While the IC’s research organization looks into adding security to cloud environments, in the here and now, intelligence agencies are sharing more data.
The intelligence community is known, of course, for focusing on data security, and as a group of agencies, it has been spotlighted recently as being more open to sharing data. Over the past few weeks it’s become clear that the IC wants to bring both approaches to bear as it evolves its cloud strategy.
On one hand, the IC is squarely focused on ensuring that its cloud environment is as secure as possible. On the other, IT leaders in the intelligence community want to continue fostering an integrated cloud environment in which data sharing is encouraged.
Those two imperatives might seem at first to be incompatible, but it appears that the IC wants to continue strengthening security so that it can maintain the kind of collaborative data sharing environment it has created with the Intelligence Community Information Technology Enterprise program, or ICITE, whose progress FedTech recently explored.
Security will always be paramount in the IC. So it’s no surprise, as FCW reported, that the Intelligence Advanced Research Projects Activity, the IC’s research arm, plans to explore how to boost data protection in the community’s private cloud.
The project, called Virtuous User Environment (VirtUE), is expected to be announced in September. Speaking at FCW’s Cloud Summit on Aug. 10, IARPA Program Manager Kerry Long said that the project will seek to overcome what he sees as some of the security vulnerabilities of virtualization; specifically, protocols that are designed to segregate information on virtual machines.
FCW reports: “IARPA is seeking a computing environment that can run on a cloud or other virtualized infrastructure without interfering with internal operations, collect log data on users and act as a sensor for threat detection. A ‘virtue’ could also surround individual applications or computing roles to, for example, segregate email from the wider internet with the goal of making phishing attacks less threatening or to govern the activities of a router or peripheral device.”
IARPA is going to seek advice and recommendations from researchers and academics in an effort to cut down the amount of log data the IC generates. For example, sensors might collect log information only on suspicious activity rather than continuously, FCW reports, which could potentially enhance the use of analytics to detect insider threats.
Meanwhile, the IC still wants to focus on integration when it comes to the cloud, especially as a means for information sharing through ICITE, which was established in 2012. ICITE provides a common set of standards and platforms, as well as security protocols, and allows analysts from one intelligence agency to analyze data collected by another.
“This is really a revolutionary idea for the IC, where the data doesn’t belong to the organization that collected it,” said deputy CIO Jennifer Kron during an Aug. 24 webinar, according to Federal News Radio. “It belongs to everyone in the IC who has a need to know and the appropriate clearances.”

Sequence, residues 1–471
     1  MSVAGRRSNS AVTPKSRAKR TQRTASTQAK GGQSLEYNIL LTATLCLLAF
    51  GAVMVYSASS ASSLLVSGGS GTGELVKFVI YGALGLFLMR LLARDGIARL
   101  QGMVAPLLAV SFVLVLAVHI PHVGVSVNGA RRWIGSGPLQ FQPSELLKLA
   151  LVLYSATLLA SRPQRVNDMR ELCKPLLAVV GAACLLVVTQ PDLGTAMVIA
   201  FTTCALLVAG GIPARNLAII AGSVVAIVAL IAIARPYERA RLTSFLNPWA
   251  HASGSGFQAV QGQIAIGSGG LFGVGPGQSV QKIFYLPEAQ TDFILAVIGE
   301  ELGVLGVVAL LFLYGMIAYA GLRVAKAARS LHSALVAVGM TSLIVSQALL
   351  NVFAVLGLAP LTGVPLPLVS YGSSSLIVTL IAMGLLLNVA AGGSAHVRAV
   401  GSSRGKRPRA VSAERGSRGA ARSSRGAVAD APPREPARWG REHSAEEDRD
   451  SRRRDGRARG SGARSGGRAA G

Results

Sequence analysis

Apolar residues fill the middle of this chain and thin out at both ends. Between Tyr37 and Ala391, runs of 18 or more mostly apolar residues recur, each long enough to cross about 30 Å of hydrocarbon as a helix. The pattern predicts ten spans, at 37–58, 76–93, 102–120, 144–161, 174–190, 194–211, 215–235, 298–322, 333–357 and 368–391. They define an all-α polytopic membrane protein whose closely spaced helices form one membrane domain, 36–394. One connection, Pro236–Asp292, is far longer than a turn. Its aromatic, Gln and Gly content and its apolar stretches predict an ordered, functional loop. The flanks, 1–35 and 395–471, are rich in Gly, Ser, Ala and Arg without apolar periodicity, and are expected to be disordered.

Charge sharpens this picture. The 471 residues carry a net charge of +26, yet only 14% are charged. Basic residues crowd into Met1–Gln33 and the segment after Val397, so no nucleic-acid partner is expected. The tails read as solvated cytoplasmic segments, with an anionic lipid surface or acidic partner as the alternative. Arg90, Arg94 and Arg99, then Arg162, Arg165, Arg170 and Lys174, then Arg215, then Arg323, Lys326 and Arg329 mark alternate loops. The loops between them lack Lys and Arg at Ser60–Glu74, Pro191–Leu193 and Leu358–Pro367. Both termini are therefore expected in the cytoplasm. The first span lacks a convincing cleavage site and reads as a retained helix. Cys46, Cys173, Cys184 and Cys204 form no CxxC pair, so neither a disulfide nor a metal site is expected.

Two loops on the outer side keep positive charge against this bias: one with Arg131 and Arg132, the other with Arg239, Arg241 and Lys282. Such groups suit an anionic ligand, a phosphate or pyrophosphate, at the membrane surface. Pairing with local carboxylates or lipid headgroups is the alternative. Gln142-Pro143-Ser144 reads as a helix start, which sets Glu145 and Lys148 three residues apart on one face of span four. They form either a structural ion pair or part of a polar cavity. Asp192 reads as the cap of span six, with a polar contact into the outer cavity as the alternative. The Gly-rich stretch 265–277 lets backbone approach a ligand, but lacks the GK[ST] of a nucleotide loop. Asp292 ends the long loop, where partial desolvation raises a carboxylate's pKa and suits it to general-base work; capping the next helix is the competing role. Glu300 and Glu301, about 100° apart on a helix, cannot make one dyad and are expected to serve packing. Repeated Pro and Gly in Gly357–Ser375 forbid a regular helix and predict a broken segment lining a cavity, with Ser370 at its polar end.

ICITE is bringing together two different IC-based cloud systems, as Federal News Radio notes: the National Security Agency’s government-provided cloud, or GovCloud, and the CIA’s C2S, a cloud running on the Amazon Web Services platform.
Federal News Radio reports: “The two systems play different roles to create one comprehensive system. C2S is a utility and compute cloud, providing infrastructure as a service. Meanwhile, GovCloud is a warehouse for big data storage and analytics. Both systems are strictly classified at the top secret/sensitive compartmented information [level], although the IC understands that it will have to work with other classification levels eventually.”
Kron told Federal News Radio that the IC does not see the cloud as an impediment to maintaining security. “Cloud can be an enabler to security,” she said. “We’ve long said the cloud environment can be seen as secure as or more secure than the traditional environment if it’s properly managed and designed.”
ICITE uses common security protocols and languages, which helps build trust among agencies, she said Additionally, each intelligence agency is appointing a chief data officer, all of whom will report to an overall CDO for the IC, Federal News Radio notes. The steady establishment of trust is leading to a wider adoption of cloud services within the community, Kron said.
“We recognize that a risk to one in this system is a risk to all,” she said. “Therefore we’ve established community governance forms that specifically address technical security aspects of ICITE, as well as the overall security risks.”
Intelligence agencies still need to focus on security responsibilities and accountability, performing effective audits, dealing with insider threats and managing privileged users, Kron said, according to Federal News Radio.
“Security as an enabler of adoption is a powerful tool and allows us to see security in a different light,” she said. “Cloud security requires a multifaceted approach. … The IC is committed to bringing all weapons to bear on this challenge.”